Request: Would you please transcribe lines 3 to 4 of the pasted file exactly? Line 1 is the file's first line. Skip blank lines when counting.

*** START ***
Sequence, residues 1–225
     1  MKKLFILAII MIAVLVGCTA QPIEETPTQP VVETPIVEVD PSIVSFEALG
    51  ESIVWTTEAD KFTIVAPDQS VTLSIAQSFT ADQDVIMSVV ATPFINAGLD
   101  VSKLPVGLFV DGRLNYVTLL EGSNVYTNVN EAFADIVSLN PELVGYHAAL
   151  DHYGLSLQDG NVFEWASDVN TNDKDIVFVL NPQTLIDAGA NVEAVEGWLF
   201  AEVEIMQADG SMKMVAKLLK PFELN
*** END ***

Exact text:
    51  ESIVWTTEAD KFTIVAPDQS VTLSIAQSFT ADQDVIMSVV ATPFINAGLD
   101  VSKLPVGLFV DGRLNYVTLL EGSNVYTNVN EAFADIVSLN PELVGYHAAL